|Bjorn Freeman-Benson||Wayne Beaton|
|Cliff Schmidt||Ward Cunningham|
We accepted the resignation of Brian Barry from the PMC. Brian was one of the founders of the Technology Project and a key reason for its success. He believes the Project is in good hands with the newly expanded PMC and thus moves on to focus his energies elsewhere. We are disappointed to see him go, and thank him for helping to bring the Technology Project to the vibrant success that it is today.
Cliff noted that the PMC minutes are near impossible to find via the website, so Bjorn linked them from the PMC page as well.
We reviewed our review of the Voice Tools Project. We discovered that VTP is an active project (a low-level of activity, but active) and thus encouraged the team to do more of their work in public (on the mailing lists, newsgroups, bugzilla, etc). The team accepted this advice and has already begun to work more in public.
This week we reviewed the IDE for Laszlo project. As with all project reviews, we started by looking at the public evidence of the project: mailing lists, newsgroups, bugzilla, website, project plan, CVS repository, etc. We noticed that there is no discussion on the dev mailing list; the website does not list team members nor project leaders nor milestones nor a project plan; there are only two bugs in the bugzilla, neither of which has been responded to by the development team; most of the CVS files were committed three months ago and have not been touched since; there are no integration or milestone builds and the build number is not Eclipse standard. There is a little conversation on the newsgroup, but it is mostly people saying "it doesn't work" and then someone replying that specific versions X and Y of various plug-ins are needed. Our fear is that this project is a code dump - a project that was formed around an initial contribution of completed code and then abandoned by the developers. We sent the project lead (Amy Muntz) an email asking for an explanation and/or more details.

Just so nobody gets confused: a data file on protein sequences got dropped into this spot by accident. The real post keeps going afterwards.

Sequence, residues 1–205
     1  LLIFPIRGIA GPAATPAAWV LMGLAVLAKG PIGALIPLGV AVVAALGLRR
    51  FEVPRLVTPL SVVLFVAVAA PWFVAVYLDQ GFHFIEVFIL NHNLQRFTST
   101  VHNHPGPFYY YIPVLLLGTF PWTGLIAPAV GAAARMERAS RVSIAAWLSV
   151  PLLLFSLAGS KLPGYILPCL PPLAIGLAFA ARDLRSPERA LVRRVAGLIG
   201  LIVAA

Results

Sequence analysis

Next week we will review the Parallel Tools Project.
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